Students and alumni fight to bring broadcasting back to UB

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The campus radio station is a hallmark of the American college experience. Since FM broadcasting began to take off in the 1970s, college DJs have provided an alternative to mainstream culture, influencing the music students listen to and talk about – all from dimly lit rooms and basements. hidden on American college campuses.

With the advent of the internet, social media, and music streaming services, it’s easy to dismiss broadcasting as past its prime. But there are plenty of student-run radio stations that still do well, even within the SUNY system. Stations in Binghamton, Purchase, Geneseo and more are still broadcasting daily.

For the past three years, UB – the largest public university in New York State – has been deprived of it.

It’s certainly not a lack of student interest – ask Ana Litvinenko, the second who tried to bring broadcasting back to UB.

Litvinenko started the UB Broadcast Club with the intention of reviving WRUB, UB’s now-defunct radio station. WRUB folded in 2019 when Subcommittee 1 (or SBI), the nonprofit student organization that funded the station, was closed. In the three years since SBI’s disbandment, WRUB has yet to be successfully replaced.

“Coming to a school like Buffalo and seeing how big it is, and then realizing there’s no train station… it’s like, what are you doing?” said Litvinenko.

Then a freshman, the criminology major was looking for a way to share her love of music with the student body — and create a sense of community.

“It’s a great way to bring people together,” Litvinenko said. “And who wouldn’t want to tune in and hear student news, or listen to great music?”

So last spring, she took matters into her own hands. The first broadcast club meeting drew approximately 30 attendees, and the number of interested students continues to grow through social media and flyers posted on campus. But it was not easy to take off. The club still hasn’t received any funding or recognition from the student body. According to Litvinenko, it was difficult to get the station’s approval; she applied and was turned down twice.

“They are extremely skeptical about it. And no one is ready to give us space, no one is ready to make room for it,” she said.

Litvinenko isn’t the only one trying to fill the void left by WRUB. His efforts caught the attention of the team at Subject Media, an online collective that calls itself “Buffalo’s student-run media empire.”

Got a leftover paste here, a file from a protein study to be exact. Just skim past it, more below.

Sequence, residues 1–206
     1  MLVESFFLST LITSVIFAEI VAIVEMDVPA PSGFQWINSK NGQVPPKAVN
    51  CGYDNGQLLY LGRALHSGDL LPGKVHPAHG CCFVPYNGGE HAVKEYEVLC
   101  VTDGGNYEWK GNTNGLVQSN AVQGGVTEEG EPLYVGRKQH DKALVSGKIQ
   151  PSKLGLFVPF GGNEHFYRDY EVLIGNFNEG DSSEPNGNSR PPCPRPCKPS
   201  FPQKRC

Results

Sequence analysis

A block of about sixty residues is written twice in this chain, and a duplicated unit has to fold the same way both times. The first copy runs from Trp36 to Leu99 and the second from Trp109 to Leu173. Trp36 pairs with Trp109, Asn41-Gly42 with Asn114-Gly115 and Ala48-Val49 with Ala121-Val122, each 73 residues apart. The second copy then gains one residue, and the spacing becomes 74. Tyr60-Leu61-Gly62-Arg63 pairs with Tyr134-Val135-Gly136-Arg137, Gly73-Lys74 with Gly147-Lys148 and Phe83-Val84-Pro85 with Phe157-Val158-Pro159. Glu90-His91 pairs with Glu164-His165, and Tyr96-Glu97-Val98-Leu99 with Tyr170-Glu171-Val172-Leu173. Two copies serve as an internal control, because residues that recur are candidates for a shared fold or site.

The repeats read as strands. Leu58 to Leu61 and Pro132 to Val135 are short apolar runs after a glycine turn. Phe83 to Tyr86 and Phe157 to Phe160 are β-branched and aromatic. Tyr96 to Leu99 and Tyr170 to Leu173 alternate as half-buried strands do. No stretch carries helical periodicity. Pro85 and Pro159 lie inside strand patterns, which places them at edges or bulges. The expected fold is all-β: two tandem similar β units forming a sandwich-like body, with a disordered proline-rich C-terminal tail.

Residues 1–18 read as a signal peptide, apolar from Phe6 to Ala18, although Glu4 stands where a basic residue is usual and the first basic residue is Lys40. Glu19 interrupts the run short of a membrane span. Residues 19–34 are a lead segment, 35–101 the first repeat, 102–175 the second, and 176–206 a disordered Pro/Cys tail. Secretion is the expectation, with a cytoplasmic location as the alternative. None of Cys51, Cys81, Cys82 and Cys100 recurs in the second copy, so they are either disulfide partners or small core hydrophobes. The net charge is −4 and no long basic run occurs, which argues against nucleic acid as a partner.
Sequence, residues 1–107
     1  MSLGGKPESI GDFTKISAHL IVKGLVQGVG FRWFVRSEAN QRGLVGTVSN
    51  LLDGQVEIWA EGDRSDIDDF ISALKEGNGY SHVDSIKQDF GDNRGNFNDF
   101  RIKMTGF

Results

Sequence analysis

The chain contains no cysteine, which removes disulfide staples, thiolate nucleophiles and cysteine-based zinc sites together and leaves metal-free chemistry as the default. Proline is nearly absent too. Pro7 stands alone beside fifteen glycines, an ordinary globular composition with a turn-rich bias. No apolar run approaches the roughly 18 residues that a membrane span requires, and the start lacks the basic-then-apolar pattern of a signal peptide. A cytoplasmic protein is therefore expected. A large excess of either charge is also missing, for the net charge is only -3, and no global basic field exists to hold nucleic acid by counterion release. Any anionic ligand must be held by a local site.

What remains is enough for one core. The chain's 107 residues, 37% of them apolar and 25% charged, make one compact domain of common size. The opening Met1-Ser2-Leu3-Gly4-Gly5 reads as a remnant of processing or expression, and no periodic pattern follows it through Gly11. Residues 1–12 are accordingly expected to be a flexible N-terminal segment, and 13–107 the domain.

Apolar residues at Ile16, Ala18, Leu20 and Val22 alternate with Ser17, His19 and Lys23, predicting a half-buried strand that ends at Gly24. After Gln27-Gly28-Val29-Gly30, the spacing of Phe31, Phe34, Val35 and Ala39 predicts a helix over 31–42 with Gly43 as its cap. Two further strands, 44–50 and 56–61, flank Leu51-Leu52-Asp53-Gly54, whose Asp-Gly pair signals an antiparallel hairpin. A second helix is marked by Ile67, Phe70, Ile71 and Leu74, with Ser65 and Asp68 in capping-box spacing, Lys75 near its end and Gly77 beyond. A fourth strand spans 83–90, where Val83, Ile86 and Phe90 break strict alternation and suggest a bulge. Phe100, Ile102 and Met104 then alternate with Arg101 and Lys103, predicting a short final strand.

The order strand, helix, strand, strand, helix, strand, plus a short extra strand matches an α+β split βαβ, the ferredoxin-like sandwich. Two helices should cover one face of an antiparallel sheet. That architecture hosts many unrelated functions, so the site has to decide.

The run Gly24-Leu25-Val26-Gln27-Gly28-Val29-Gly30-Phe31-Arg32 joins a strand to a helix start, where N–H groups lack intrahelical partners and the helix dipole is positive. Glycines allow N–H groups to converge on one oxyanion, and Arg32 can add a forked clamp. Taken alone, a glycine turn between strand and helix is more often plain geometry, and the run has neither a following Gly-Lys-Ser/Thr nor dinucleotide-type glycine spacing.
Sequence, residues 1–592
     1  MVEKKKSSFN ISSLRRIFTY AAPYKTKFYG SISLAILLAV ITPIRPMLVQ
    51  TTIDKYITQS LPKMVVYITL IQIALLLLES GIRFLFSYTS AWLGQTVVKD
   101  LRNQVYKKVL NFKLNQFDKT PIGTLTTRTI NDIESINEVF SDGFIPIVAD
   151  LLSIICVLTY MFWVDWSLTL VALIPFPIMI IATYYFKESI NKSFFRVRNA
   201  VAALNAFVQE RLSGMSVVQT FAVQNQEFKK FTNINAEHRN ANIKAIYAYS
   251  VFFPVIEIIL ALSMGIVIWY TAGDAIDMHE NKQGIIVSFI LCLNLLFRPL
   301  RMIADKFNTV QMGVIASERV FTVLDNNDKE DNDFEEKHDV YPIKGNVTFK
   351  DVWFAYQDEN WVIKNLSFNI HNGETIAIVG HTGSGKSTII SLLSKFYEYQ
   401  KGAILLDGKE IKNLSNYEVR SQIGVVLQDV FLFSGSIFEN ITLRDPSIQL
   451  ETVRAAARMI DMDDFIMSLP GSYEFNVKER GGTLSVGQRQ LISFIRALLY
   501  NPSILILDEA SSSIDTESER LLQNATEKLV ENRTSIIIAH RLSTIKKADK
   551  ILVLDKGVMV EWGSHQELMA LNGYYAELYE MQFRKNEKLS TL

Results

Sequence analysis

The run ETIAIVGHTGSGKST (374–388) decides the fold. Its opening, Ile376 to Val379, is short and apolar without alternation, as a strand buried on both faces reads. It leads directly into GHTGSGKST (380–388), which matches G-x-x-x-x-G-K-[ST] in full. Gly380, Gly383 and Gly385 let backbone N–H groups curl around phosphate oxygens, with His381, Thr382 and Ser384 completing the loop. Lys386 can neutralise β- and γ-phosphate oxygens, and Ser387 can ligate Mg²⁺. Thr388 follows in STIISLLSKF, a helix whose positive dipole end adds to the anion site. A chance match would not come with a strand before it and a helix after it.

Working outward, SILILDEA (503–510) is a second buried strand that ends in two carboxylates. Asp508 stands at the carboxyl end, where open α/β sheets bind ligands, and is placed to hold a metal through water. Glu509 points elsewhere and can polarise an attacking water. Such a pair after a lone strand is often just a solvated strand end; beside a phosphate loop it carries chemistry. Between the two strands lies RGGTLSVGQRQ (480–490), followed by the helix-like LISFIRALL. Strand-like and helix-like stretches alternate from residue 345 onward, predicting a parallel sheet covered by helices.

The website, founded by a collective of UB alumni, was created from the ashes of WRUB and Generation Magazine, a campus publication that also lost funding with the fall of SBI. It features podcasts, blogs, and online radio shows from current and former UB students.

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“It didn’t seem like the university or the SA were that interested in keeping the station running, so we just decided to do it ourselves,” said Mike Vago, one of the alumni who started Subject. Media.

In 1993, Vago co-founded the most recent version of WRUB. Being part of the station has had such an impact on him that – even 25 years after graduating – he is still dedicated to bringing the college radio experience to UB.

“Leading WRUB in the 90s taught me how to run an organization, how to motivate people, how to solve problems when you don’t have money,” Vago said. “WRUB was really the beginning of my life as a creative person.”

The power of broadcasting has changed a lot since Vago was in college; people turn to streaming services and social media to tell them what to listen to, not FM radio. But he hopes Subject Media can recreate the dynamic of WRUB, where students had the influence and power to share whatever they wanted with their audience.

Vago and Subject Media encouraged Litvinenko to join the Subject team. But for now, Litvinenko still hopes to launch a traditional radio station on campus, complete with a professional studio and an FM broadcast.

“I just feel like there are so many opportunities and the school just seems to refuse to turn it on,” Litvinenko said.

With or without university approval, equipment, or dedicated space, Litvinenko and the UB Broadcast Club are determined to bring radio back to campus. They’re set to host more get-togethers throughout the semester, where all budding DJs are welcome to bring their passion to the fledgling station.

Meret Kelsey is Associate Art Editor and can be reached at [email protected]


MERET KELSEY

Meret Kelsey is Associate Art Editor at Spectrum.

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